A remodeler emailed me with this question:
“Do you have a good article on how to tell a new lead that we’re not a good fit and we’re not interested in even looking at their project? There sure are a lot of people getting 5+ 'bids' out there these days and I’m struggling with how to tell them we’re not interested. I know I’ve read articles in the past, but can’t remember the specifics and one of your stages is to qualify the lead – your input would be appreciated.”
Here is process to do that:
You're having a conversation with a new lead. Start with a bit of bonding and rapport with the lead. This is the stage where you are simply trying to find some commonality, which is the foundation of a good relationship. Do consider going no further if you can find no common ground because continuing talking will likely not create a good outcome.
Set up an upfront contract. The best way to do this is to cover these four topics: Purpose, Agenda, Logistics and Outcome, in that order.
- What is the purpose of the call? You are the one who gets to define it. Suggest to the prospect that the call is for the lead to determine if you and your company are a fit for him and his needs. Also suggest that you are to determine if the lead is a fit for your company. It is a two-way street. Ask the lead to be comfortable with him telling you that you are not a fit, if that turns out to be the case. And ask the lead if it is okay for you to tell him if you think he is not a fit.
- Review your respective agendas. Always ask the lead first what his agenda is. You want to find out anything that's on the lead’s mind, anything he wants to make sure will get talked about. Then lay out your agenda. Now it is less likely that you will have a long conversation with the lead and as you are trying to close out the conversation the lead asks if you can discuss with him one really important item.
- Agree upon logistics of the call. How long do you need to do your lead intake process? Tell the lead that. Ask for his permission to converse with him for that amount of time. Ask about what happens if he gets another call. If you hear a baby crying ask if this is the best time to talk or if you should call back at a more convenient time. By addressing these issues up front it is less likely the call will go out of control.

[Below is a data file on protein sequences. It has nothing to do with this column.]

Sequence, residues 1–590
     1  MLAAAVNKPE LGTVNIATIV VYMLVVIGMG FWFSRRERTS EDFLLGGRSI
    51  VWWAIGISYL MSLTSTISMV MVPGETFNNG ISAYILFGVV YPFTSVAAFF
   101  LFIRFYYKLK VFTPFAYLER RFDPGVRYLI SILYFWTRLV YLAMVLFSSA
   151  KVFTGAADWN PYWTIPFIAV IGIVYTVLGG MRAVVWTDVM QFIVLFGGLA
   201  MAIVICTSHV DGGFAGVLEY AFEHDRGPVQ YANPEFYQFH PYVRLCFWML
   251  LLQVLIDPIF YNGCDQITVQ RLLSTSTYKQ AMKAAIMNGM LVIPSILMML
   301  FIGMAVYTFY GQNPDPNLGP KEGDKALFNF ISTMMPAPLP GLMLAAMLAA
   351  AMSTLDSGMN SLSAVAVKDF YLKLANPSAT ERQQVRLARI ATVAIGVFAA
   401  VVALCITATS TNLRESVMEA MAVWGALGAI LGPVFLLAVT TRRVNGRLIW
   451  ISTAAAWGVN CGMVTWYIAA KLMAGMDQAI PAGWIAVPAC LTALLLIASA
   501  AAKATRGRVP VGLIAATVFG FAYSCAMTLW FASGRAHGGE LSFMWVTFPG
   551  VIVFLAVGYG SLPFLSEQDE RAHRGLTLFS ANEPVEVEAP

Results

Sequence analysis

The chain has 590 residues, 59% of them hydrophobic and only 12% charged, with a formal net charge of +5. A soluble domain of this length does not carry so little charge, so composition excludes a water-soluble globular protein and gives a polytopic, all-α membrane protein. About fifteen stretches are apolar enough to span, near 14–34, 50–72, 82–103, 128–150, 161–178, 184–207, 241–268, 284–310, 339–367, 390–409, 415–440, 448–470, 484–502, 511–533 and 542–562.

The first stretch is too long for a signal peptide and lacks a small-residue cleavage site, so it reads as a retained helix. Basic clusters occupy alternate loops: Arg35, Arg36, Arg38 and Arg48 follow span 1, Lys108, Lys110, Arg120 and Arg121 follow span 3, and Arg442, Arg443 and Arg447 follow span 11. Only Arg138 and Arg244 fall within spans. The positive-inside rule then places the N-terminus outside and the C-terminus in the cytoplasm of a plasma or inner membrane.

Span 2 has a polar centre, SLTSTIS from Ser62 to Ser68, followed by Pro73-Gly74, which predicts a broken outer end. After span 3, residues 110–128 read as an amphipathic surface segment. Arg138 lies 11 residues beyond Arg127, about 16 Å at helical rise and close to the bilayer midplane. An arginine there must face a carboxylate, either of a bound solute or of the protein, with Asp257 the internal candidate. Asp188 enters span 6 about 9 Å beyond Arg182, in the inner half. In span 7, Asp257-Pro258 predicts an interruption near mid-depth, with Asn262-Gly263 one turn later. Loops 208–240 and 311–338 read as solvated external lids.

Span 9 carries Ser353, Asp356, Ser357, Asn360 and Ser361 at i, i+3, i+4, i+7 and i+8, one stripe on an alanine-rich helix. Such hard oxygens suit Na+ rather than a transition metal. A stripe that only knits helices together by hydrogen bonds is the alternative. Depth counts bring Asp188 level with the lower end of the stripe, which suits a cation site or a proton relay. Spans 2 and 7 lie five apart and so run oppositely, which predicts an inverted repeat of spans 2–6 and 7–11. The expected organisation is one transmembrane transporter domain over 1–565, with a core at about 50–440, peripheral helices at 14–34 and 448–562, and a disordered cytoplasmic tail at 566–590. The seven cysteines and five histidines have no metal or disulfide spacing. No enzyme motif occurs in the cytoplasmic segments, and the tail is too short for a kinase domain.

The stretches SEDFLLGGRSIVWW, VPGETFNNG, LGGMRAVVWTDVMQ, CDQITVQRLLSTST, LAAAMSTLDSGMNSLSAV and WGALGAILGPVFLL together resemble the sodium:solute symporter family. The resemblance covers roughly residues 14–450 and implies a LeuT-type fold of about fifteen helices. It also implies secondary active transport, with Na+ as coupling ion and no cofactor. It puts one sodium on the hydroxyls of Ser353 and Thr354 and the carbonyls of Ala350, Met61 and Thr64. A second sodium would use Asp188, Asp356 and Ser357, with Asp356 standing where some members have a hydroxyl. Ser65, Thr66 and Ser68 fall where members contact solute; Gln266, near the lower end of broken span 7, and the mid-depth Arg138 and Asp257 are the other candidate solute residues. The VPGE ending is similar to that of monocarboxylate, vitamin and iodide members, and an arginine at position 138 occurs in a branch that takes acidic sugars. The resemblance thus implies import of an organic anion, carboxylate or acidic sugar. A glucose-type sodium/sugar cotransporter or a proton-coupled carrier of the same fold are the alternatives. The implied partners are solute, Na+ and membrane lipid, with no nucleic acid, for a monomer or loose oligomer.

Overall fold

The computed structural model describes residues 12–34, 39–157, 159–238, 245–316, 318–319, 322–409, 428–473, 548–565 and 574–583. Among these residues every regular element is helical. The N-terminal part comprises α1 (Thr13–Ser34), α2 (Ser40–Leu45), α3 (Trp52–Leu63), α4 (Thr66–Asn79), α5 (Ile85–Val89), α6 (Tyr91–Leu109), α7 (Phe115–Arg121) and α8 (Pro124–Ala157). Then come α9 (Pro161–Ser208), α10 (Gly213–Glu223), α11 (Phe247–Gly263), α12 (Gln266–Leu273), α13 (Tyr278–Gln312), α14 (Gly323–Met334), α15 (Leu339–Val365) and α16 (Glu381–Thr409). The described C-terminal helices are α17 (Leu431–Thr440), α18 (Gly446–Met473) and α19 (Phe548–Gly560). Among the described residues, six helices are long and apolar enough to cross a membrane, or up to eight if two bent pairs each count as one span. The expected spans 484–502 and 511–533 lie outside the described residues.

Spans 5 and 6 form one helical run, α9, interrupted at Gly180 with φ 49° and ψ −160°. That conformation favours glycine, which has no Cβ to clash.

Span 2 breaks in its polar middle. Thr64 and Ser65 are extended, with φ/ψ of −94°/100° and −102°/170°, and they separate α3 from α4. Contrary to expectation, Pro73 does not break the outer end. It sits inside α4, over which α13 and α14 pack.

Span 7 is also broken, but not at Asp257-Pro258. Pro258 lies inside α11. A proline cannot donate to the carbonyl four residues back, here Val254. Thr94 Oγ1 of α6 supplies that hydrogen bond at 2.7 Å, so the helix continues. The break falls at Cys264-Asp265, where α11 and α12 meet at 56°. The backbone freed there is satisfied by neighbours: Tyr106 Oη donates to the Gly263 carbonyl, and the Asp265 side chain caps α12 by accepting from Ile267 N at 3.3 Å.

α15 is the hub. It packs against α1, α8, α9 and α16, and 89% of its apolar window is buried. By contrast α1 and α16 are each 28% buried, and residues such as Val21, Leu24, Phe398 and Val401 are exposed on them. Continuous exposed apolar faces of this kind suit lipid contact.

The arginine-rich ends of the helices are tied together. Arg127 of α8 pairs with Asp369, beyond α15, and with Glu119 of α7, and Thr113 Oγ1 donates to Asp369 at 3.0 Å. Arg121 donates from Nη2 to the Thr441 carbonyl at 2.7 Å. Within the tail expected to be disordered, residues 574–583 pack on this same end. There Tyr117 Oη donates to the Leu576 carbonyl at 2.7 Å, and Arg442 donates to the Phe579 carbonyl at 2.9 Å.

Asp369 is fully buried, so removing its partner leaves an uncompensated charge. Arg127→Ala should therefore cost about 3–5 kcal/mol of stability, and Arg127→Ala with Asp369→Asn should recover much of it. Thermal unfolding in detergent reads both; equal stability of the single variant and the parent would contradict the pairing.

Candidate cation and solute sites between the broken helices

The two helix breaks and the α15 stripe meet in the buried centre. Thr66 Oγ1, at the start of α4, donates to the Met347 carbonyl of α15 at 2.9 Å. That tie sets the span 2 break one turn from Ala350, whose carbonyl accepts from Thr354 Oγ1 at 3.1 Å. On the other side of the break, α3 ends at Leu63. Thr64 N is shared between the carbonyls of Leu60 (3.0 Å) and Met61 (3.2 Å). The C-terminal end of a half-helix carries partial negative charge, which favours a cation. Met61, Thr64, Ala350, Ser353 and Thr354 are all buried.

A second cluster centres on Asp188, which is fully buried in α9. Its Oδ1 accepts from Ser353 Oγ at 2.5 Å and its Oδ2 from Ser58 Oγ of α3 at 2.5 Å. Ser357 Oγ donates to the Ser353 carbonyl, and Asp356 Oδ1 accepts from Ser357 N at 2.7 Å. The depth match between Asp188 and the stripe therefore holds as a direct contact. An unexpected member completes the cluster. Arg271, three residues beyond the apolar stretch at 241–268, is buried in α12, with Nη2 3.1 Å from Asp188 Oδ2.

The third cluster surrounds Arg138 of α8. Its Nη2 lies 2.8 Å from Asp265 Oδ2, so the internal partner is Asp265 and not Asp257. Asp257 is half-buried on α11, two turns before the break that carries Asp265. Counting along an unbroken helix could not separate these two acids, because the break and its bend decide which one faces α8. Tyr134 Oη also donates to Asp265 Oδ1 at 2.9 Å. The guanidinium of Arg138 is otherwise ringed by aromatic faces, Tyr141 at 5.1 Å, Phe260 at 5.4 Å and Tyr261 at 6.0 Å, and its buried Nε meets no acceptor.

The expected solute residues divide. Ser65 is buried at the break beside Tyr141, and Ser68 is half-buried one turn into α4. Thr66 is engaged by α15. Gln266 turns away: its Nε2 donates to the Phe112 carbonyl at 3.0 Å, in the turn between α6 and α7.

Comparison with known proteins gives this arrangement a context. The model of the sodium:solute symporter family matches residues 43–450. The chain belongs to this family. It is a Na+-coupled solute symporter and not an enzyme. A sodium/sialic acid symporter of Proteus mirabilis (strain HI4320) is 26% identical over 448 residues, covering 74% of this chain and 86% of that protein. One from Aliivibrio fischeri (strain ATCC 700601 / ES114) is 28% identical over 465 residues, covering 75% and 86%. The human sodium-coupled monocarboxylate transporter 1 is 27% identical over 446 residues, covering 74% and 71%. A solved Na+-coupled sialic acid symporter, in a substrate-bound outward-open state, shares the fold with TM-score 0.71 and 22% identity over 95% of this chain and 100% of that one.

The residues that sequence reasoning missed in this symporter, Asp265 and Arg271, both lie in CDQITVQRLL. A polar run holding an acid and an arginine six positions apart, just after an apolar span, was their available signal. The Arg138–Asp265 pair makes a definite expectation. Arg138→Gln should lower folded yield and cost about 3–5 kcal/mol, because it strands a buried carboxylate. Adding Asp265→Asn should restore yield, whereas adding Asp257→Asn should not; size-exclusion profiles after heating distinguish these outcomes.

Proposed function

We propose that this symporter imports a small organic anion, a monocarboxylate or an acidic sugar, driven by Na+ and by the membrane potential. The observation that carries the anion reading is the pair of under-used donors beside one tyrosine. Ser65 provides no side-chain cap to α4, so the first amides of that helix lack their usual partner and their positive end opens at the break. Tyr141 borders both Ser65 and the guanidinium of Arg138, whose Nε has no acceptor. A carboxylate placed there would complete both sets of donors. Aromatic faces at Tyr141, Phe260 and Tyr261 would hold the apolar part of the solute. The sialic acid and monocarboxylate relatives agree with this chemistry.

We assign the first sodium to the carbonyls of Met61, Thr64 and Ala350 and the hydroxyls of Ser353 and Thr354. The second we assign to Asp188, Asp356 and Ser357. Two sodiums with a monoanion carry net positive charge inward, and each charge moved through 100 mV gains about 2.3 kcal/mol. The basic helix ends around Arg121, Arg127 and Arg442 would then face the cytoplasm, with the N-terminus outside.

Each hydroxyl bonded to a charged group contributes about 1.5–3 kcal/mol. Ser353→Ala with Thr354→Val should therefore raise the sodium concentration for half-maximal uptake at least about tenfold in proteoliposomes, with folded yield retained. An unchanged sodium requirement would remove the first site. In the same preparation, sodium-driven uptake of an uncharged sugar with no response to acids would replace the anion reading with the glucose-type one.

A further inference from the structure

- Talk about the outcome. What is the mutually agreed upon idea of the outcome of the call? You tell the lead that it is to figure out if it makes sense to have another call or meeting, or that you should part ways. Remind him of the purpose of the call, which you talked about at the beginning of the interaction.
Now you are in control. Do this with every sales interaction and you will not find yourself stuck talking with someone who is not a fit. Think P.A.L.O.
Next blog I will lay out what to say to a lead who wants a free bid from you to compare to bids from other contractors, a way to say it that might engage the lead in your idea of how the process should unfold. —Paul Winans, a veteran remodeler, now works as a facilitator for Remodelers Advantage, and as a consultant to remodeling business owners. Contact him at email@example.com.
Just Say NO!: Recognizing when a prospect is not a good fit
How To Say No And Create Advocates
The Right Approach: Profiling clients allows you to communicate in ways they best understand